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Napoleon in His Study (1812), exhibiting the hand-in-waistcoat gesture.

The hand-in-waistcoat (also referred to as hand-inside-vest, hand-in-jacket, hand-held-in, or hidden hand) is a gesture commonly found in portraiture during the 18th and 19th centuries. The pose appeared by the 1750s to indicate leadership in a calm and firm manner. The pose is most often associated with Napoleon I of France due to its use in several portraits made by his artist, Jacques-Louis David, amongst them the 1812 painting Napoleon in His Study.[1] The pose, thought of as being stately, was copied by other portrait painters across Europe and America. Most paintings and photographs show the right hand inserted into the waistcoat/jacket but some sitters appear with the left hand inserted. The pose was also often seen in mid-nineteenth century photography.[2]


The pose traces back to classical times — Aeschines, founder of a rhetoric school, suggested that speaking with an arm outside one's toga was bad manners.[3] Arline Meyer, in her essay "Re-Dressing Classical Statuary: The Eighteenth-Century 'Hand-in-Waistcoat' Portrait," notes the pose being used in eighteenth century British portraiture as a sign of the sitter's breeding. Francois Nivelon's A Book Of Genteel Behavior of 1738 noted the hand-inside-vest pose denoted "manly boldness tempered with modesty."[3]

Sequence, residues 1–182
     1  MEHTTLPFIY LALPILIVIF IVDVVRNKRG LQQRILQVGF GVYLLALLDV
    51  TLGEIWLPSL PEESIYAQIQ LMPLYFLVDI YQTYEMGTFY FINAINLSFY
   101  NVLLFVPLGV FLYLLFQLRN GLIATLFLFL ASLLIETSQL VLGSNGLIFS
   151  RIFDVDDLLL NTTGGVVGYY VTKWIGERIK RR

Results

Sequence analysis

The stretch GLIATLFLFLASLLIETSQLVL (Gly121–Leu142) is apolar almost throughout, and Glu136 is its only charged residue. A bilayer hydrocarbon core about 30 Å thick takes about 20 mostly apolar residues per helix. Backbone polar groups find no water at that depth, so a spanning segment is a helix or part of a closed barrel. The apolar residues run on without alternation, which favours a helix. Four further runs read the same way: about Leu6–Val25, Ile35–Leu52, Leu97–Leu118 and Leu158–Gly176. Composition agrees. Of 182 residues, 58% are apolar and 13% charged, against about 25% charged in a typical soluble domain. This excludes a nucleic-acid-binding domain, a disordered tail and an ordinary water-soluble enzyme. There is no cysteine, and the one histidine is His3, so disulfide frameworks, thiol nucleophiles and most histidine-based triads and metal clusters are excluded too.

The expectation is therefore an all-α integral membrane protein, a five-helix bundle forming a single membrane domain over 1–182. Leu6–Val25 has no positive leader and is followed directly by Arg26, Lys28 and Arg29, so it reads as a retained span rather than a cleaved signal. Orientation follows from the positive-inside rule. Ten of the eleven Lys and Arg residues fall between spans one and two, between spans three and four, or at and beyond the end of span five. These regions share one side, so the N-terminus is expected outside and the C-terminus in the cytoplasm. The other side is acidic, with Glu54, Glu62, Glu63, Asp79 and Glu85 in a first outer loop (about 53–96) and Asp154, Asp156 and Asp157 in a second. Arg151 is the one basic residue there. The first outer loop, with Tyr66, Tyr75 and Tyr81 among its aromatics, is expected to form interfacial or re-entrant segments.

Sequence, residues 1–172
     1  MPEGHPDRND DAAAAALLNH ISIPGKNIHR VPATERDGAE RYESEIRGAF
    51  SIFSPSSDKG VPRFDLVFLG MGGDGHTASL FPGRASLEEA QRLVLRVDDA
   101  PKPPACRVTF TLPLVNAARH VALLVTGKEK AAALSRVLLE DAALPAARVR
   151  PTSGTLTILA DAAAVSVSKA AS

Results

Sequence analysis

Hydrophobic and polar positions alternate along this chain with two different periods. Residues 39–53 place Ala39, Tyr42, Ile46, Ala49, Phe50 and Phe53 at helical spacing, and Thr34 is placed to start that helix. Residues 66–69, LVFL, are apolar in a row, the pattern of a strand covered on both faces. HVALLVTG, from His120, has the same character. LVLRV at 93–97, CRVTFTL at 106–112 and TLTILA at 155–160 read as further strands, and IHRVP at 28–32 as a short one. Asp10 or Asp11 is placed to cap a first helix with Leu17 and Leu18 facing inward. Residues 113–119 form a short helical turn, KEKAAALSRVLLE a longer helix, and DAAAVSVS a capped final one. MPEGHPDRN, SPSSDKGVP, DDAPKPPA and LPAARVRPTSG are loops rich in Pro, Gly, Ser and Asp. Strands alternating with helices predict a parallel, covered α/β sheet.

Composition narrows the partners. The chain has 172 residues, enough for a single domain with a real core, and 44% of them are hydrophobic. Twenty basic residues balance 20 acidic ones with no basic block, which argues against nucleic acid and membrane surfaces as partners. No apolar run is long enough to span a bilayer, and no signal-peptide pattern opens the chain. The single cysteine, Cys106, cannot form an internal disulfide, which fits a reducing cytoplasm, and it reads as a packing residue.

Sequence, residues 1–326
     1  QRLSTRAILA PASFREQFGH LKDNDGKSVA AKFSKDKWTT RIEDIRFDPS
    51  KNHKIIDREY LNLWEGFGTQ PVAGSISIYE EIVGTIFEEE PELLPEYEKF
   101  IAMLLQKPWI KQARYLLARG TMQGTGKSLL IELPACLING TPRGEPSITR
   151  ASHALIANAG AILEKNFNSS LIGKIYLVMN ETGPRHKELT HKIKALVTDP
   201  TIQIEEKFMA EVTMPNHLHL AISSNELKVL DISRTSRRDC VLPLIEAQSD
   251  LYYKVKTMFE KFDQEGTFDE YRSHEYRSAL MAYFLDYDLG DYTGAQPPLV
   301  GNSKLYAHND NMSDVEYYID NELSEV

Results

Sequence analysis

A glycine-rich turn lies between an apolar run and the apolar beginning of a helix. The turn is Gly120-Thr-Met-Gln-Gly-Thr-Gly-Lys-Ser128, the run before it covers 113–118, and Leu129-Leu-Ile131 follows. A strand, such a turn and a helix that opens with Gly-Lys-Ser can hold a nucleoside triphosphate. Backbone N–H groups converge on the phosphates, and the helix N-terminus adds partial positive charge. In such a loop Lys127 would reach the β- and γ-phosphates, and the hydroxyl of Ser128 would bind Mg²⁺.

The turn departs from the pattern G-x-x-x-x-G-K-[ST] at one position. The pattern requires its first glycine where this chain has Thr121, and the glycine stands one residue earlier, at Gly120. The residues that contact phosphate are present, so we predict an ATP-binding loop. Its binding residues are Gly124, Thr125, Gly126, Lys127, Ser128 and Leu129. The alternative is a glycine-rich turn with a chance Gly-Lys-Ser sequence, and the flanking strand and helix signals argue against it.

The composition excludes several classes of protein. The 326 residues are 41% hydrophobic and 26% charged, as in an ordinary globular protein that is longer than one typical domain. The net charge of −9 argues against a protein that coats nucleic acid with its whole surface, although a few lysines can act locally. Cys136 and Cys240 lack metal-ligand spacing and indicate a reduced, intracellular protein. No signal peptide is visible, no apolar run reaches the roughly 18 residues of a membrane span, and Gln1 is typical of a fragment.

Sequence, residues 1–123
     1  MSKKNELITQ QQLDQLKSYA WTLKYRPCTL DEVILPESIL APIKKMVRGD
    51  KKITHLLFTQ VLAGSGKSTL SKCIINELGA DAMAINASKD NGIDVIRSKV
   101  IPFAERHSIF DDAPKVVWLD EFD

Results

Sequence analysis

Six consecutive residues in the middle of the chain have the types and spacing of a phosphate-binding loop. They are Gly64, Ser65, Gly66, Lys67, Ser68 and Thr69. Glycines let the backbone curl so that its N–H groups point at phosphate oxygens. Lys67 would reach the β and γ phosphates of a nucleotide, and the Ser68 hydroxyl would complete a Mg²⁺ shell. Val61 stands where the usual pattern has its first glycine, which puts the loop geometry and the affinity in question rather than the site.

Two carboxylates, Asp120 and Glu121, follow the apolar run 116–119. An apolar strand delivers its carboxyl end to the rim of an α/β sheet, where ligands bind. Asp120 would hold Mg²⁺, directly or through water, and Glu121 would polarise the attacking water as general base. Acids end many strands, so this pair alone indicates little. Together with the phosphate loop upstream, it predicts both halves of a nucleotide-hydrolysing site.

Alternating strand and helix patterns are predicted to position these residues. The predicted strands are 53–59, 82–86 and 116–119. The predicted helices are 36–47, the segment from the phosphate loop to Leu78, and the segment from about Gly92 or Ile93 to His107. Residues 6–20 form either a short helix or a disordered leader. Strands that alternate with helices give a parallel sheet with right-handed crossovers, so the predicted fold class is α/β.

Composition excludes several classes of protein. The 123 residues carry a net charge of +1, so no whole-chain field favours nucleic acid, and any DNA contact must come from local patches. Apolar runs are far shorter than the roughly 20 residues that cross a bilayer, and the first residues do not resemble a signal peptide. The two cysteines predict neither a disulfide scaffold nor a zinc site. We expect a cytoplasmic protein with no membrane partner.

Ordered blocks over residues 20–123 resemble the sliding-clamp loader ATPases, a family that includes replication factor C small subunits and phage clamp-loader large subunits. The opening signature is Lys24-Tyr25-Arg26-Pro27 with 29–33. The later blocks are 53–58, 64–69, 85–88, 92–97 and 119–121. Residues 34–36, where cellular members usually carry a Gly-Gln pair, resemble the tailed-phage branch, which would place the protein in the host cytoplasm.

Appearance in photography[edit]

With the invention of photography, the pose continued but may have had an additional purpose in preventing blurring by maintaining the sitter's hand in a single place. The pose is commonly seen in photographs of members of the military, with a number of American Civil War photographs showing the pose, or indicated by three open buttons on a tunic.[4]



  1. ^ Meyer, Arline (March 1995). "Re-dressing classical statuary: The eighteenth-century `Hand-in-Waistcoat' portrait". Art Bulletin. 77 (1): 45–63.
  2. ^ Uwe Fleckner, "Napoleons Hand in der Weste: von der ethischen zur politischen Rhetorik einer Geste' ['Napoleon's hand in the waistcoat: from the ethical to the political rhetoric of a gesture'] Daidalos 64 (June 1997), 122-29
  3. ^ a b Holmberg, Tom. "Why is Napoleon depicted with his hand in his coat?". The Napoleon Series. Retrieved 2008-08-26.
  4. ^ "Why Did Men Thrust Their Right Hand into Their Jackets in Old Photographs?". Imponderable. Retrieved March 20, 2015.